Is Your Idea REALLY Best?
Let’s face it—we leaders like to get our own way. If we are brutally honest with ourselves, we have to admit that we would love to shove the opinions of others aside and make decisions without input. That’s why, in secret, many leaders complain about members of their teams: “They just won’t listen to me.” “They never do what they’re told.” “If they’d just fall in line, everything would go smoothly.”
Legos and Bobble Heads
Take the Lego Movie for example. The hero is a man—okay, a tiny yellow figure—named Emmett, who is called to be the savior the Lego world. He is supposed to be a “master builder” who can deviate from any set of directions and creatively build as needed. The problem is, Emmett is dull. When push comes to shove, the only “creative” thing he can build is a double-decker couch with a built in cooler. All the other master builders think it’s stupid. They are building space ships, super carriers, and extravagant ways of escape. However, when their ship gets blown up, what’s the one thing that can save everyone? You guessed it—the double decker couch.
Too often we assume that because an idea came from us, it’s the best one. The leader’s direction should be the best, right? We’ve all heard a million times that there is “no I in Team.” But why does your team exist? To affirm the leader’s decisions? To act as the leader’s sounding board? Once I heard someone say of teams, “Their best thoughts are catalysts to push leaders to a final solution.” In other words, the most we can ever expect from the contributions of our team is creative fuel with which a leader can develop winning ideas. But a team of “yes men” is worthless. You might as well fill your office with a bunch of bobble heads—they can affirm your unilateral decisions as well as anyone.
Let’s take this a step further. Most of us can reach the point of letting other adults help make decisions. But what about student leaders? One of the reasons we struggle to allow students to lead is that things will inevitably get messy. What if the project gets out of control? What if we get egg on our face? What if their harebrained ideas fail? These are all valid questions, yet we also sit around complaining about our students’ apathy. Our students should be engaged—in the amazing ministry we are doing. We want them to lead—while we are still telling them what to do. They are the church of today—as long as they aren’t making decisions that will affect tomorrow.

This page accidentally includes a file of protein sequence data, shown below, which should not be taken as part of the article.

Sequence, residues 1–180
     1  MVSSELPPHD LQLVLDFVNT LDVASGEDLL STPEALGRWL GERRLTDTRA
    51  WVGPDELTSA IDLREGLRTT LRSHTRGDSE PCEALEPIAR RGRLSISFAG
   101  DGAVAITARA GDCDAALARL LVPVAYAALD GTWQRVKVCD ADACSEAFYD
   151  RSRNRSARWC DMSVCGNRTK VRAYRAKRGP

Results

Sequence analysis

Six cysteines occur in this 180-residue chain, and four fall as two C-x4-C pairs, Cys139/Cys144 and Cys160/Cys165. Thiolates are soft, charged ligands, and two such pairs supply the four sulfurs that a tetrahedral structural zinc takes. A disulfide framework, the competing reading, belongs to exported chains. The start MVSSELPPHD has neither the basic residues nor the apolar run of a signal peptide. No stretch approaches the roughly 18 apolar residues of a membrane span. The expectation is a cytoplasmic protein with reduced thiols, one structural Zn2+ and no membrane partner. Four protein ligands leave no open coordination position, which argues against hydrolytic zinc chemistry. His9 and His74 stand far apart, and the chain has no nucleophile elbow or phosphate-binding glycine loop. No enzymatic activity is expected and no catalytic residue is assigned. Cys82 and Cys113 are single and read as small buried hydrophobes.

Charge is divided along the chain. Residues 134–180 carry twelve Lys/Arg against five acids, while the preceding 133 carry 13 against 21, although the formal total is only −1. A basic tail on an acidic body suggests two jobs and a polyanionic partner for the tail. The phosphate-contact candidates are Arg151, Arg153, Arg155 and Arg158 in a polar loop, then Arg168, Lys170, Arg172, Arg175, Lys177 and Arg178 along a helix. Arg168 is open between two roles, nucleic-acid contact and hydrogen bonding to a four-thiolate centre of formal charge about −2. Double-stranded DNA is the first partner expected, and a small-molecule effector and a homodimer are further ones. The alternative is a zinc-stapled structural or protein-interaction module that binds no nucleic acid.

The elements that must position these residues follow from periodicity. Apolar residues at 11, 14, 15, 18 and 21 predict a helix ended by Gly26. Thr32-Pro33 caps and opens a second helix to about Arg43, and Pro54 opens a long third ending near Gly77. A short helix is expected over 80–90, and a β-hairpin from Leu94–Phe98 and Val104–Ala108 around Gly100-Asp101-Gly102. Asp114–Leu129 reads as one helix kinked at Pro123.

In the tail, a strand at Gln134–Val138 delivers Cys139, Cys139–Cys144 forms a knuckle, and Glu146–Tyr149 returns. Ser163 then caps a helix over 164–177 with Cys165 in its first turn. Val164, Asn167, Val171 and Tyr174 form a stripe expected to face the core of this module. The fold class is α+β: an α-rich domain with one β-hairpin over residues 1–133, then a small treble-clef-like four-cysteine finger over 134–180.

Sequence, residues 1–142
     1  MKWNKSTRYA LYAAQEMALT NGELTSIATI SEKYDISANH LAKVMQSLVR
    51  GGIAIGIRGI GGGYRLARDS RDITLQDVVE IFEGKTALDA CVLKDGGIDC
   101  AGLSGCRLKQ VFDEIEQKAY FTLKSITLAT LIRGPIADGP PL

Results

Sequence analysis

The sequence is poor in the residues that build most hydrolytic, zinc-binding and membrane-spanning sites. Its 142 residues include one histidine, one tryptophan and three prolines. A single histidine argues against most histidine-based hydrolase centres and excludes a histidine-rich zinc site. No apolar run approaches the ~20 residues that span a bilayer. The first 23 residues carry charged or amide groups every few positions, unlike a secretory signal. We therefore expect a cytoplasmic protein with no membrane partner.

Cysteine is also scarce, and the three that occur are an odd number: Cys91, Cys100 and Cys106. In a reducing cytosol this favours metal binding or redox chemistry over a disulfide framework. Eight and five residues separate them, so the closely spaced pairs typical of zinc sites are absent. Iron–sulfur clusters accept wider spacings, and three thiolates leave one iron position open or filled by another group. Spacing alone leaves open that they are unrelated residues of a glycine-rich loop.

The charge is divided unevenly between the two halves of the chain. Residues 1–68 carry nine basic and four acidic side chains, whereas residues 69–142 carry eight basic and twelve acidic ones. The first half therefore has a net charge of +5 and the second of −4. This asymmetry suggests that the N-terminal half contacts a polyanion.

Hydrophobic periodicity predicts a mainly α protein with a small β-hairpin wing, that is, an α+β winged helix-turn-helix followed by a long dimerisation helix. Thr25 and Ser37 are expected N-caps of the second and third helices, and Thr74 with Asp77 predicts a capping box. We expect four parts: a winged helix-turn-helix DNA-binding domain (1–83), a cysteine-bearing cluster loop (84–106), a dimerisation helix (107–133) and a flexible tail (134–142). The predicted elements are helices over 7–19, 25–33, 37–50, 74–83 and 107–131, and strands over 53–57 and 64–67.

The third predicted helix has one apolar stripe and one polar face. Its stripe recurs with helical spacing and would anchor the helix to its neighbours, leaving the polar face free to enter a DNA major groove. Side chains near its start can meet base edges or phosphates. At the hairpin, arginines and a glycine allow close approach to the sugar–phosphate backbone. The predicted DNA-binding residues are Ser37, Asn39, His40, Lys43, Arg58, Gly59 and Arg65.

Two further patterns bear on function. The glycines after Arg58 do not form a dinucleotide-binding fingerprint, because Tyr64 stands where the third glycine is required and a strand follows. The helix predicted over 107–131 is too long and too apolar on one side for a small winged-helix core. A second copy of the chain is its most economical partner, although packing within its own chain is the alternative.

Help Me Help You
But we don’t always have to choose. It doesn’t have to be my way OR yours. Leaders don’t have to be afraid of getting pushed aside because we aren’t experts on every topic. More often, our job is to guide those around us to arrive at final solutions. This is a fundamental shift from, “Help me make the best decision,” to, “How can I help you make the best decisions?”
We also can’t say, “Go ahead and lead,” without offering support. Leaders have to find a healthy balance between over-involvement and under-involvement, taking over for their followers like parents doing their kids’ science fair project and stepping back like parents who aren’t home at all. What the Lego Movie illustrates is that by working together, making a plan, and listening to the direction of others the characters could change the world.
Fear creeps in when we are told the old guard must step aside for the new. But this isn’t accurate. It’s not about laying down and getting out of the way. It’s about putting our ideas on the chopping block; recognizing that sometimes they will be used, other times someone else’s idea will be better, and most of the time the final solution will be a combination of both, morphed together into something remarkable. Those who have been around for a while have life experience; youth have a fresh perspective. Both are valuable. Both are needed.
There comes a point at which we need to stop whining and start participating. Our ideas are not always the best, and that shouldn’t be threatening. Leading is serving. It is genuinely placing others before ourselves. The funny thing about service—it requires our involvement, our initiative. It just means we might have to barbecue a sacred cow or two.
What do you think? How do you find the balance between micromanaging and disengaging?
About the Author
Leneita Fix co-founded Frontline Urban Resources with Jeffrey Wallace to equip, coach, and speak into the lives of those working with families living in a “survival mode” mentality. They refer to this thinking as the “new urban.” Combined, they carry almost four decades of experience in the family ministry setting, most of it in traditional urban ministry. However each… Read More